Another document that was prepared by Polish diplomats in March 1933 reports mass dismissals of office workers and laborers in Kyiv. “Bread ration cards are taken away without exception from all those who have been dismissed. In the future, the loss of employment will result in the necessity to leave the city in connection with the system of passports that is being introduced. The number of thefts and robberies is increasing along with the growing number of unemployed people. In many cases, dismissed laborers and state officials are invited to leave for the countryside.
However, owing to the famine reigning there and the dissatisfaction of the urban population, those who are unemployed try at any cost to remain in the city.”[21] During a private conversation, one of the leaders of Kyiv oblast’ admitted that the supplies of necessary seeds did not even meet 60 percent of the required amount, and “therefore, regardless of the official announcement of the free trade in grain, constant searches and grain requisitions are continuing to take place, and the ban on transporting grain and the complications that make it difficult for peasants to travel are still in force at railway stations.”[22]

A document issued by the GPU of the Ukrainian SSR in February 1933 states that Kyiv oblast’ is the leading Ukrainian region with respect to the number of peasants who have left to escape death by starvation.[23] Were Ukrainian peasants under the illusion that the situation was better in Russia? No, they were not. This is what is recorded in a report by the Polish consul, who took a trip from Kharkiv to Moscow in May 1933.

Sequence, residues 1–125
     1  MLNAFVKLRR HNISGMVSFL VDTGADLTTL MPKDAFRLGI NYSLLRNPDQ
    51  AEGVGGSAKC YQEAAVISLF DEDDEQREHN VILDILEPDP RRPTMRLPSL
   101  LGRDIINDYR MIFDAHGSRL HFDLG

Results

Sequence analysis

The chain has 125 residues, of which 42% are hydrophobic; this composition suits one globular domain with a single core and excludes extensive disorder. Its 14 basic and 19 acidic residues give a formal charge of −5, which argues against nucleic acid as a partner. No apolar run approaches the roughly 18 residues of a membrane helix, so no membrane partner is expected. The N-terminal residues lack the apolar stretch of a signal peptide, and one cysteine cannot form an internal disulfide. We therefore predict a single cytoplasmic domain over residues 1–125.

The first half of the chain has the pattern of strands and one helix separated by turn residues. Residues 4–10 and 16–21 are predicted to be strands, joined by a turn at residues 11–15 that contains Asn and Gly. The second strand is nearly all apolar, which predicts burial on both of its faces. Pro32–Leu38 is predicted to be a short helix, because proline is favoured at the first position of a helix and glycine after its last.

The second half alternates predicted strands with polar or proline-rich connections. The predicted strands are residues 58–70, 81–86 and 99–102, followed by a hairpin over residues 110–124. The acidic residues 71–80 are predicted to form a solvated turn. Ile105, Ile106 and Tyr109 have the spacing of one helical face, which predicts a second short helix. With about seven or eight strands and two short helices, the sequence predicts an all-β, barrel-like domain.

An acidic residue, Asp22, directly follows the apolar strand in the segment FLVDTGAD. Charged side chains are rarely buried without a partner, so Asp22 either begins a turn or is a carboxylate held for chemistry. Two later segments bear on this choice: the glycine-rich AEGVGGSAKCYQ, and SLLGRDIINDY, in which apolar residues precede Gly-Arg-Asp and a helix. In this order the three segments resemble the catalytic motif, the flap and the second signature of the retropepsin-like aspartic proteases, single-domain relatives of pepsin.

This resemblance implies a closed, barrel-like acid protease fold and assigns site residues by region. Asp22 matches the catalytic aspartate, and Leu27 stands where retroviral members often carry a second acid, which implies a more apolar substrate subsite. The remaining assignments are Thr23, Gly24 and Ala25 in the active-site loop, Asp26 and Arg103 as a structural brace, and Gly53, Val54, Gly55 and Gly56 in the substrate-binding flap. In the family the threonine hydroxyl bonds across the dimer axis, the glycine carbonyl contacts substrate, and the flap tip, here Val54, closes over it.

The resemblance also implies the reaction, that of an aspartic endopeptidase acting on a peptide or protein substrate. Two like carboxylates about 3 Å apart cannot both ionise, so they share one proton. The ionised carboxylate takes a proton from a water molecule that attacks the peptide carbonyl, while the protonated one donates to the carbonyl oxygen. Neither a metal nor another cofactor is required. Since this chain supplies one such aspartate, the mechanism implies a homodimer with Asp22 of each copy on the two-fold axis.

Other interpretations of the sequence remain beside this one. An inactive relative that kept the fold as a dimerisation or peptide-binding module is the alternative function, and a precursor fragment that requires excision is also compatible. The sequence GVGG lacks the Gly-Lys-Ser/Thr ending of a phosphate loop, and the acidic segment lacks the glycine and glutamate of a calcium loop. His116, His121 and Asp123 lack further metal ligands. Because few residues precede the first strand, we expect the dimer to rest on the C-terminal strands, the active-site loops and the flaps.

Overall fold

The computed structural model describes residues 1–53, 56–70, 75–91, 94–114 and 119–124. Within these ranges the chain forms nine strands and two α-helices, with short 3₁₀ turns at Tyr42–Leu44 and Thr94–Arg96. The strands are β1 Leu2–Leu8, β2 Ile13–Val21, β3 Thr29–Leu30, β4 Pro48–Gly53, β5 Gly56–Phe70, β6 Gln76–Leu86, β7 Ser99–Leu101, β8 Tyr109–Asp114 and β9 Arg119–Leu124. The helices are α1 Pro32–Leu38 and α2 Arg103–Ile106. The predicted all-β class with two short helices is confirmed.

During my entire journey I was most struck by the difference in the appearance of the villages and fields of Ukraine in comparison with the   
         neighboring TsChO (Central Chernozem oblast’) and even with the non-grain-producing vicinities of Moscow. Ukrainian villages are in significant
         decline; emptiness, desolation, and destitution waft from them; houses are in a semi-collapsed state, often with [missing] roofs that have been torn off;
         new homesteads are nowhere to be seen; children and elderly people resemble skeletons; there is no sign of livestock. . . . When I later ended up in 
         the TsChO (at first, in the vicinities of Kursk and Orel), I had the impression that I had arrived in Western Europe from the Country of soviets. There
         are significantly more plowed and sown fields, the villages are clean, more decent, the houses are restored, and relatively greater well-being is
         evident among the people; you can see cattle grazing. . . .[24]
In June 1932 the Japanese consul in Odesa undertook a long journey through various regions of the USSR. He reported that “in comparison with the peasants of other republics, Ukrainian peasants make a pitiful impression with their ragged clothing, their emaciated bodies, and their begging: even in large railway stations peasants and their wives and children stretch out their hands for alms and beg for bread. . . .”[25]

It is extremely interesting to note that already in 1933 foreign diplomats were trying to ascertain the technology of the Holodomor. This question is fundamentally important. Certain contemporary Western researchers reproach their Ukrainian colleagues for ignoring the fact that Ukrainians also took part in the grain deliveries. Some even write that the “Soviet leadership partially depended on the hundreds of thousands of Ukrainians who occupied state positions on the most varied levels.”[26]

Yes, there were Ukrainians in the governing structures. However, no serious researcher would dare write about “hundreds of thousands of Ukrainians,” who, in the conditions of Stalinist dictatorship, have a say in the government’s decisions. They simply did not exist. In connection with this, we find a more accurate analysis in an announcement issued on November 18, 1933 by the Polish vice-consul in Kyiv, Petr Kurnicki. Convinced that the secret of the Bolsheviks’ successes lies in “the complete disregard of means and victims,” the Polish diplomat states: